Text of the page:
UIImageView - UIKit | Apple Developer Documentation
This article is about setting new title text to UIButton, that contains title and Then I add some insets to title and to image, to make some space. This applies equally to theinternal imageand the background cesenahotel.info defaultisYES fora UIButtonTypeCustom button and NO for a UIButtonTypeSystem button. A button has a natural size in relation to its contents. For example, you can set thetitle's font and shadowOffset by way of the label,but the title's text,color, and. PS:Take a UIButton in the nib file>Make it a custom button>Connect the IBOutlet to your Assign the image to the UIImageView and set the text for the UILabel.
Control-drag method Auto Layout menu We have already used control-drag method. The Auto Layout menu is another way to add constraints with ease. At the bottom-right corner of the Interface Builder editor, you should find five buttons as shown below. These buttons are from the layout bar. You can use them to define various types of layout constraints and resolve layout issues.
Resolve Auto Layout Issues: Click on the object library and drag a view controller to the Interface Builder.
To create a segue between our two view controllers, click on our button, control-drag a line from the button to the next view controller.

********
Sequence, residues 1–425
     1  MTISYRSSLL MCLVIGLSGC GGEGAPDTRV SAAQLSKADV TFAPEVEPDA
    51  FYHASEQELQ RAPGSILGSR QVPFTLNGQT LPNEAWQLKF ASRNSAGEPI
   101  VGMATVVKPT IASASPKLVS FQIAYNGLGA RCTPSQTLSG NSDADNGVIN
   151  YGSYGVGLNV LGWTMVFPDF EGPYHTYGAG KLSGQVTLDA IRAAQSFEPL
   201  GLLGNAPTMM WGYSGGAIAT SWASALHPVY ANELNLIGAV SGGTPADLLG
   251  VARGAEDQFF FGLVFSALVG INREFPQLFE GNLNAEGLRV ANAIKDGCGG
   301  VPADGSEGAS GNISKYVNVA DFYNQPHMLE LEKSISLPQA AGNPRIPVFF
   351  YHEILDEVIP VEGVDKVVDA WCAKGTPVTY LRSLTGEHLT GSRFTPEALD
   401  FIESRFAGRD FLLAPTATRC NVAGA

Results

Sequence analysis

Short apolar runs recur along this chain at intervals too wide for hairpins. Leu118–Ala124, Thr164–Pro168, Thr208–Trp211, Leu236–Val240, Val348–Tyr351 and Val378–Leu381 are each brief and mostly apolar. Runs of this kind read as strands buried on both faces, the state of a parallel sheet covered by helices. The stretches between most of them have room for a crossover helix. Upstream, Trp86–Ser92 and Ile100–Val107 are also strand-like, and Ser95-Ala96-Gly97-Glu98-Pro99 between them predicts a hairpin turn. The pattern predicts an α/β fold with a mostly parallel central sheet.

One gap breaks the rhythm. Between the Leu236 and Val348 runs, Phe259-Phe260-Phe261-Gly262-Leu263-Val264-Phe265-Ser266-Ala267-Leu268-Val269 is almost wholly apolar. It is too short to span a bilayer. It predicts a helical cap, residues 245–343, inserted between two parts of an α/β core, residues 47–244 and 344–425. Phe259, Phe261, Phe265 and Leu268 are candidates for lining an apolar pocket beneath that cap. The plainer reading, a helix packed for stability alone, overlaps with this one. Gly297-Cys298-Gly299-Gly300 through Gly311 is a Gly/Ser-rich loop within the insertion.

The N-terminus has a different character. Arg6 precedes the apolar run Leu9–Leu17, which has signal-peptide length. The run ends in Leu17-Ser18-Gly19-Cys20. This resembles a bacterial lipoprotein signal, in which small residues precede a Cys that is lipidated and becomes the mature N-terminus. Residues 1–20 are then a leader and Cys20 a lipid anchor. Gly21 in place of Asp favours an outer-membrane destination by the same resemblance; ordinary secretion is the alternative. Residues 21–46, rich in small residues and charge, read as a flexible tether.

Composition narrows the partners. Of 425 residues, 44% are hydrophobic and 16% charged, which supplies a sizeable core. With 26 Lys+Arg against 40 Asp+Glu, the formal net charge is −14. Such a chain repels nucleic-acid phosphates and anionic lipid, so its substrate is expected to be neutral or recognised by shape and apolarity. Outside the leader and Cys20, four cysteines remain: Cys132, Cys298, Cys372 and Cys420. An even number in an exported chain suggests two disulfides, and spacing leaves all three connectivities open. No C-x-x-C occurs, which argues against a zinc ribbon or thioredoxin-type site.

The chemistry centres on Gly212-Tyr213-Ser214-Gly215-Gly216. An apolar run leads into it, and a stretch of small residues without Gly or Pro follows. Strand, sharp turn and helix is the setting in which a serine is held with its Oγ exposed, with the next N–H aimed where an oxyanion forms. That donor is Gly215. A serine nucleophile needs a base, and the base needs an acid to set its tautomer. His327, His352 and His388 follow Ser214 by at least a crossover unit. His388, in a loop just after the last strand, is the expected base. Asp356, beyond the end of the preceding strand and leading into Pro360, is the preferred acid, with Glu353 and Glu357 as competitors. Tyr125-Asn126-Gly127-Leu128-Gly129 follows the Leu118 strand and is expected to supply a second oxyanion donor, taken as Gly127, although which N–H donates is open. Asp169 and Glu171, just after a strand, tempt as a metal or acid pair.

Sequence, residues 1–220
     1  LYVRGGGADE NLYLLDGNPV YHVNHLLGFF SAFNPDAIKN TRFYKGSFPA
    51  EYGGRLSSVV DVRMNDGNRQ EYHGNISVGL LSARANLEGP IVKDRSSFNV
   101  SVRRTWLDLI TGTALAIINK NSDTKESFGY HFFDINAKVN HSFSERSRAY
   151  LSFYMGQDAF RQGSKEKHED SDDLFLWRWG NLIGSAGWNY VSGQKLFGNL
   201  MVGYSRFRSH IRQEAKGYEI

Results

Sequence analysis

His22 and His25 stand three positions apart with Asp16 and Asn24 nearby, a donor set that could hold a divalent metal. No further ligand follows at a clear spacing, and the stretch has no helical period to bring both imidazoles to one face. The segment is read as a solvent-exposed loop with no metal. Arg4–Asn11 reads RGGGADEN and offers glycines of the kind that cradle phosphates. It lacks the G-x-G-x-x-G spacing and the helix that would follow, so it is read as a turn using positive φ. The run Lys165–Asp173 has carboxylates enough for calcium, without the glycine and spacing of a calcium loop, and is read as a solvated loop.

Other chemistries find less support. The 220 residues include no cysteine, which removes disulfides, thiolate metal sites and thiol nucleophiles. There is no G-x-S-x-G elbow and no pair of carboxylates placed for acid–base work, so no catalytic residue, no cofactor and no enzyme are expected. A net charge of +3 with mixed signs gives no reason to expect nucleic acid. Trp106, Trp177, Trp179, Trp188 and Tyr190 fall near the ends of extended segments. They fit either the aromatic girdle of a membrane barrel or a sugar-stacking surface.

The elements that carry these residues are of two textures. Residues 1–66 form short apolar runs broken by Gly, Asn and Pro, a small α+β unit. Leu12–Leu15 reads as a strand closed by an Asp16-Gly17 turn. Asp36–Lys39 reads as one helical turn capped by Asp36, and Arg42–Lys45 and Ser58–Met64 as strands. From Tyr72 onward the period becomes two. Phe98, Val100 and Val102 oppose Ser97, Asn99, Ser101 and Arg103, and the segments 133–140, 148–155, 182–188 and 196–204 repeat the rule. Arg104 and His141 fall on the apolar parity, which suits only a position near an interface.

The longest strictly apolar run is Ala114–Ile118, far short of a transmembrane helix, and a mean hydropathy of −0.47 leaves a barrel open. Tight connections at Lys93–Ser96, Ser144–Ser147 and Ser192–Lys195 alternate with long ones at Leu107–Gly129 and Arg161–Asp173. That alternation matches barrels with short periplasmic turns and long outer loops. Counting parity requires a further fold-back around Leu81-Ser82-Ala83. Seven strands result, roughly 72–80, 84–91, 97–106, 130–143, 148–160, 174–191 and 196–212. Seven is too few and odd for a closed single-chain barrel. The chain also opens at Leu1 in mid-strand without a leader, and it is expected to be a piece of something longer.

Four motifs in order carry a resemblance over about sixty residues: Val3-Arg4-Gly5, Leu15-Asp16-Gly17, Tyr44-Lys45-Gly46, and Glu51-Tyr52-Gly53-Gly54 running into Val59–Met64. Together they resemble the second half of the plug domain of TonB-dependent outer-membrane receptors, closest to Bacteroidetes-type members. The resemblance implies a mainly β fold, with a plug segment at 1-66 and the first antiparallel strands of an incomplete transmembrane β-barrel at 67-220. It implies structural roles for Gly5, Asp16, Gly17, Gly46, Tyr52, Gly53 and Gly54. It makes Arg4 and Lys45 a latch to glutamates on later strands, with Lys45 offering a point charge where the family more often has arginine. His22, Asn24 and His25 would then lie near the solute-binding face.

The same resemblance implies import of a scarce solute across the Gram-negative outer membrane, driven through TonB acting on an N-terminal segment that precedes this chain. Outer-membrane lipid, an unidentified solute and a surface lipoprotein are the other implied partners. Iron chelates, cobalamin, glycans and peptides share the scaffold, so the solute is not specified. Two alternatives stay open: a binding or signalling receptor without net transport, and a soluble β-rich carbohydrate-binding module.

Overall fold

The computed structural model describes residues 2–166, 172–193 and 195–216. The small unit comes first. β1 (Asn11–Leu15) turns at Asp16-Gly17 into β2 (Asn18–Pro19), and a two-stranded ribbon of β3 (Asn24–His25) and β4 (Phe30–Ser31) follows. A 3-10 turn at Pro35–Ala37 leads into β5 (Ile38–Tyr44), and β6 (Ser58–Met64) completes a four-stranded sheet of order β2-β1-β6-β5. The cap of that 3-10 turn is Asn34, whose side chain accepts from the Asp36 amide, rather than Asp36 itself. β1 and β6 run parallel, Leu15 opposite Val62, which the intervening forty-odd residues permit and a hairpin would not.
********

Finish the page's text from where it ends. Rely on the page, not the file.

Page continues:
A pop-up menu will appear with a few of options. This just allows us to view the second view controller. Creates a segue between two view controllers using a button. To create constraints select the button and click the Align icon in the auto layout menu. Disable editable and selectable actions for the text view in the Attributes Inspector as they are selected by default.
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Auto Layout Tutorial in iOS 11: Getting Started
I like my code swifty: To add constraints, select the text view. This popover menu will appear: It comes with the width and height already predetermined from the size of the view. If the text or image view appear too big, just resize them to a good fit.
Select height and width and Add 2 Constraints. This helps to identify if it is an error or an misplaced constraint.
Working with Xcode Auto Layout in Swift and iOS Projects
To resolve these errors, we could either add missing constraints by going to the document outline and selecting of the error icon: Remember, you have to select a view otherwise all the buttons will be disabled.
Having the latter selected, choose Reset to suggested constraints option for the view selected. No need to worry, they both do the same thing! With selected view Now live preview the constraints. Resolving constraints is one way of debugging constraints but this will not work in our case.
To properly set up the constraints in our project, first clear all the constraints. The first section is only for selected elements. If you select on the text view alone and clear the constraints, the button and image will still retain their constraints.
However, clearing constraints in the second section will clear all constraints for all elements in the view controller. In auto layout when we give height and width, well mostly we will be constraining our view to a particular size. Think about it for a second.
Auto Layout Tutorial in iOS Getting Started | cesenahotel.info
Select the image view and click on add constraints. The popover below will appear. Keep the constrain to margins checkbox selected. Add these two constraints for the image: Add these constraints for the text view: Notice that the image has only blue lines while the text view has both blue and red lines.